FCC eyes cutting off China Telecom from U.S. market

Several U.S. agencies say China Telecom’s operations in the U.S. are inconsistent with the public interest.

The Department of Justice is leading a group of U.S. agencies that are recommending that the FCC revoke and terminate China Telecom’s right to provide international telecommunications services to and from the United States.

China Telecom’s authorizations in the U.S. were last approved in 2007. But the agencies say that because China Telecom is owned by the People’s Republic of China it can be controlled by the government and thus poses a security risk.

In addition to the DoJ, the U.S. agencies include Homeland Security, State, Commerce, and the U.S. Trade Representative. They say they’ve identified substantial and unacceptable national security and law enforcement risks associated with China Telecom’s operations, which render the FCC authorizations inconsistent with the public interest.

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They assert that China Telecom has made false statements about where it stores its U.S. records and about its cybersecurity practices.

The FCC is very likely to revoke China Telecom’s authorization. About a year ago, the FCC unanimously voted to deny China Mobile's initial application to provide telecom services between the U.S. and foreign destinations.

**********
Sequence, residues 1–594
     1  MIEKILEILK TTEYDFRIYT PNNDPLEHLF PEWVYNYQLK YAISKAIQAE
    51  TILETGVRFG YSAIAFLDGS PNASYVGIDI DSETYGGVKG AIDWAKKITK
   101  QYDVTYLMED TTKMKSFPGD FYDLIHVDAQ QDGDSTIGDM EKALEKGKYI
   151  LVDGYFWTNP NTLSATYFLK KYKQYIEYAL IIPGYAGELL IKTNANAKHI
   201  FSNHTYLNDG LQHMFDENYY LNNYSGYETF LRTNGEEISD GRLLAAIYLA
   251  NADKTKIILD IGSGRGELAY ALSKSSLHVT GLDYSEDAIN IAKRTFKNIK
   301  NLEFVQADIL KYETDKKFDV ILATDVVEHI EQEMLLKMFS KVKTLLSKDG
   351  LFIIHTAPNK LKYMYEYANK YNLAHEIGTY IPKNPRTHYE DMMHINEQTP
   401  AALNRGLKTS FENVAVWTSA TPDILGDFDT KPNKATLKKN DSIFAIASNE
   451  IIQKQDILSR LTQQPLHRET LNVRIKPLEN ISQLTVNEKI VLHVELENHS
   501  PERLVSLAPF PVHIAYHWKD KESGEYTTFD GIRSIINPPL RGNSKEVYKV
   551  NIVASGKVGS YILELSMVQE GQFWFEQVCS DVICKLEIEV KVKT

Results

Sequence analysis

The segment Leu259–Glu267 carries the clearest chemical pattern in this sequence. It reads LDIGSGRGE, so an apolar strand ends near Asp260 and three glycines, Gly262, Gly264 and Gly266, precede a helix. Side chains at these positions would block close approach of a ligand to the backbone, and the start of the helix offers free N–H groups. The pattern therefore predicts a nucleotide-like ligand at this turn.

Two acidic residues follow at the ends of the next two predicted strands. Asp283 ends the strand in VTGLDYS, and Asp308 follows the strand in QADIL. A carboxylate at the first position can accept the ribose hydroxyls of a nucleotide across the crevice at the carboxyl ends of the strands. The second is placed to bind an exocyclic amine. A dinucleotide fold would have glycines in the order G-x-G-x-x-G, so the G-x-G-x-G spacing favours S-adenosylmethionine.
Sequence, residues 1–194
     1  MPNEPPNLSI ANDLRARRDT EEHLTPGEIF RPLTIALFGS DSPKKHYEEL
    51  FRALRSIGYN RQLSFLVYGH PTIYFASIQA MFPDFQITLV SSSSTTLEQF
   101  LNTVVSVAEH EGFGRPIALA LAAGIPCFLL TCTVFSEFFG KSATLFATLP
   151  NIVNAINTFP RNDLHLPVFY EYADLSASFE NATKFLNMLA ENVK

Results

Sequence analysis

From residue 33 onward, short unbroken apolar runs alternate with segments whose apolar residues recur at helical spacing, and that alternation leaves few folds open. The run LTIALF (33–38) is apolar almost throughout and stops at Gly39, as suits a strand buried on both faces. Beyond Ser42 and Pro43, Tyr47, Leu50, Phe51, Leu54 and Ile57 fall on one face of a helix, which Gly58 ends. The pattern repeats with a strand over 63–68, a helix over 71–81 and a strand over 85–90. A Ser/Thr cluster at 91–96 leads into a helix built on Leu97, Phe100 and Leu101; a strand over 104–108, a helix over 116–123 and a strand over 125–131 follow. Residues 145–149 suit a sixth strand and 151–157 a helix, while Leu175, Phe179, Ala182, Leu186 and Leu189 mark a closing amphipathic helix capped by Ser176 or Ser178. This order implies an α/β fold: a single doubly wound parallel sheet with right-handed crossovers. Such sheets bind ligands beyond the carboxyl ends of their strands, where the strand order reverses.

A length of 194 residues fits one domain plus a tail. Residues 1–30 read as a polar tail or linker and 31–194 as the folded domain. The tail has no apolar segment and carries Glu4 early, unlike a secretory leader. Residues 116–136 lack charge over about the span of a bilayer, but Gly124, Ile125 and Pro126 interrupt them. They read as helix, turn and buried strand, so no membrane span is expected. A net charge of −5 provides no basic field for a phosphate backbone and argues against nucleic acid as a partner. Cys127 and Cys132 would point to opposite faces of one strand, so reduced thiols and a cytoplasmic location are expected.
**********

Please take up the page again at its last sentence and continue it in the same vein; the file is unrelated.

RELATED: FCC denies China Mobile USA application to provide telecom services

FCC Commissioner Brendan Carr said in a statement last week, “It is time to reconsider our relationship with companies owned or controlled by the People’s Republic of China. Years ago, the FCC authorized China Telecom to connect their facilities to networks here in the U.S.  A lot has changed since that authorization.  I welcome the Executive Branch agencies’ recommendation that we revoke and terminate China Telecom’s authority.”

According to analysts at Jefferies, China Telecom’s services in the U.S. focus on VPN, cloud, CDN and leased-line services to Chinese companies operating in the US. It owns no physical networks in the U.S. but instead leases networks from local carriers and invests in its own data center capacity.

The third major Chinese operator China Unicom has a similar operation in the U.S. as China Telecom, and it’s possible the FCC could revoke China Unicom’s authorization as well.

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